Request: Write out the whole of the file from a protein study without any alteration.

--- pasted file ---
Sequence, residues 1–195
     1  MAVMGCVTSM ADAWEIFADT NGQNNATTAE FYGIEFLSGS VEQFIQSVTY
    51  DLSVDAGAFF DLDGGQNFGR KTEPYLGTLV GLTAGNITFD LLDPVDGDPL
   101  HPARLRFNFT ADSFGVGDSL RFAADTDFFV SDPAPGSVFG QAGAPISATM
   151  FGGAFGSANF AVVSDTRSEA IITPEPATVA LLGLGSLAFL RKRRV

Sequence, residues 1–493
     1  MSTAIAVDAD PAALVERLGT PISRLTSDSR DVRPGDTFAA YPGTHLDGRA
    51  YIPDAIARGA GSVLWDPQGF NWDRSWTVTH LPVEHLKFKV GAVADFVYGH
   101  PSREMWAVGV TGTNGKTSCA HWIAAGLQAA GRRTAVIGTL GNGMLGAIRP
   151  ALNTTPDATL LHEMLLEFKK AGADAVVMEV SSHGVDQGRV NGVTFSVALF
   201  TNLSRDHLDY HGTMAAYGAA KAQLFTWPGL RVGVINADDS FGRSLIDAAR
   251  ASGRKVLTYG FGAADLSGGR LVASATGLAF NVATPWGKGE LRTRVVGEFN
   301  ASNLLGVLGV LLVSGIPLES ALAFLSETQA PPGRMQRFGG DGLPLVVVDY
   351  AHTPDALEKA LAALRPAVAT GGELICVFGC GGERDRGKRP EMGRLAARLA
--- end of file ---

Sequence, residues 1–195
     1  MAVMGCVTSM ADAWEIFADT NGQNNATTAE FYGIEFLSGS VEQFIQSVTY
    51  DLSVDAGAFF DLDGGQNFGR KTEPYLGTLV GLTAGNITFD LLDPVDGDPL
   101  HPARLRFNFT ADSFGVGDSL RFAADTDFFV SDPAPGSVFG QAGAPISATM
   151  FGGAFGSANF AVVSDTRSEA IITPEPATVA LLGLGSLAFL RKRRV

Sequence, residues 1–493
     1  MSTAIAVDAD PAALVERLGT PISRLTSDSR DVRPGDTFAA YPGTHLDGRA
    51  YIPDAIARGA GSVLWDPQGF NWDRSWTVTH LPVEHLKFKV GAVADFVYGH
   101  PSREMWAVGV TGTNGKTSCA HWIAAGLQAA GRRTAVIGTL GNGMLGAIRP
   151  ALNTTPDATL LHEMLLEFKK AGADAVVMEV SSHGVDQGRV NGVTFSVALF
   201  TNLSRDHLDY HGTMAAYGAA KAQLFTWPGL RVGVINADDS FGRSLIDAAR
   251  ASGRKVLTYG FGAADLSGGR LVASATGLAF NVATPWGKGE LRTRVVGEFN
   301  ASNLLGVLGV LLVSGIPLES ALAFLSETQA PPGRMQRFGG DGLPLVVVDY
   351  AHTPDALEKA LAALRPAVAT GGELICVFGC GGERDRGKRP EMGRLAARLA